Kerala Puts On Hold Law To Check 'Offensive' Content After Backlash

Kerala Police Act: There has been massive criticism of the move by Pinarayi Vijayan's government, which the opposition had said could be used to suppress free speech, silence critics and target the media.

Kerala Police Act: Pinarayi Vijayan said "detailed discussions will be held in the assembly". (File)


A controversial move in Kerala to enable arrests for content or social media posts deemed "offensive" by the state has been put on hold after a severe backlash. Chief Minister Pinarayi Vijayan said today that the amendment to the Kerala Police Act "will not be implemented" for now.

"With the announcement of the amendment, different views arose from different quarters. Concerns were expressed by those who supported LDF and those who stood for protection of democracy. In this situation, it's not intended to amend the law," Pinarayi Vijayan said.

He added: "Detailed discussions will be held in the assembly and further steps will be taken in this regard after hearing the views of all parties."

There has been massive criticism of the Left-led government's move, which the opposition said could be used to suppress free speech, silence critics and target the media.

An ordinance or special order signed by Governor Arif Mohammed Khan on Saturday sought to punish those guilty of spreading content by any means (including social media) that was said to be derogatory or defamatory. Offenders could face up to three years in jail, a fine of Rs 10,000 or both.

The amended law was compared to similar laws struck down by the Supreme Court - Section 66A of the IT Act and Section 118(d) of the Kerala Police Act. 

Kerala said the repeal of these laws had left it with no alternative to "effectively (deal) with crimes".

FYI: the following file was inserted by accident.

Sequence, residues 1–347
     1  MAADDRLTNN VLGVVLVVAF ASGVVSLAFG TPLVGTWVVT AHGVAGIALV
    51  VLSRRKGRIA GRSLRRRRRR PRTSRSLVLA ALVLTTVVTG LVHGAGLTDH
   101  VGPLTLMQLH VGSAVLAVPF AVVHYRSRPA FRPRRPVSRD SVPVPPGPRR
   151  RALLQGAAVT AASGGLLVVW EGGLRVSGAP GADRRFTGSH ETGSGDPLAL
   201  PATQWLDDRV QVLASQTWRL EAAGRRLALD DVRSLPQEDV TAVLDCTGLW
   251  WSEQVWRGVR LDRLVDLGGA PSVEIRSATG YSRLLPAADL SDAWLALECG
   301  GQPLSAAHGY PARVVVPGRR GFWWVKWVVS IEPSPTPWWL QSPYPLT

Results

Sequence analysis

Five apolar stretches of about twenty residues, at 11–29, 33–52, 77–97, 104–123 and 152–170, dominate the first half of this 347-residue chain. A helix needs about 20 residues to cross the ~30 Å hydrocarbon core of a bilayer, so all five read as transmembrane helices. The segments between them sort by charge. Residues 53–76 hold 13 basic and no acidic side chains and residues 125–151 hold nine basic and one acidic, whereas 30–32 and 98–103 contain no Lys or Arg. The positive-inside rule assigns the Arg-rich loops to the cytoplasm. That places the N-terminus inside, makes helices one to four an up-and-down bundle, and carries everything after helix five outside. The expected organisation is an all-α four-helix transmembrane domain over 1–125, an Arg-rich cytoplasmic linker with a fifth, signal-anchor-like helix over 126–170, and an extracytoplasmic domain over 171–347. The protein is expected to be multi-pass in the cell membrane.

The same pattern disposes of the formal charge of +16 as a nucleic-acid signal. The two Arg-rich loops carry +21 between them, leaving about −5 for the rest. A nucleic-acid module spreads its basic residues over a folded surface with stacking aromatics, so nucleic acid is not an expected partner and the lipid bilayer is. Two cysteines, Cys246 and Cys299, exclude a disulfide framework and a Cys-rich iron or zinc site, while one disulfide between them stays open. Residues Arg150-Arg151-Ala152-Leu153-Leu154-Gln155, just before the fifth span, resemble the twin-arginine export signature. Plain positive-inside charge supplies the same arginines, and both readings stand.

Mr Vijayan said his government's effort was to check the "widespread malicious campaigns through social media and otherwise, which pose a threat to individual freedom and dignity, constitutionally ensured to citizens".


He claimed that complaints against defamatory, untrue and obscene campaigns had been received from various quarters of the society. "Strong protests have emerged from the society on account of the merciless attacks on various sections including women and transgenders," he said.

On Sunday, in a detailed defence of the move, the Chief Minister had said the amendment to the Kerala Police Act "will in no way be used against free speech or impartial journalism".

Mr Vijayan said the state had a duty to protect individuals' liberty and dignity, but that no action would be taken against the media or critics who stay "within the limits of the Constitution".

Referring to "the use of personal likes, or dislikes, political or non-political interests... to unsettle the peaceful atmosphere of families... to settle scores", the Chief Minister said such attacks did not fall under the category of journalism and were "personal vendetta".

Kerala BJP chief K Surendaran called the amended law "a tool of repression".

Congress leader Shashi Tharoor, the MP from Kerala's Thiruvananthapuram, alleged in tweets that the ordinance was "so loosely drafted it could also be used against political opponents".

"This law can and will be challenged in the courts, because any political attack on social media against a party or "class of persons" (eg 'sanghis' or 'libtards') could attract its provisions. It must be revised to narrow its application to flagrant cases of abuse and threats only," Mr Tharoor had posted.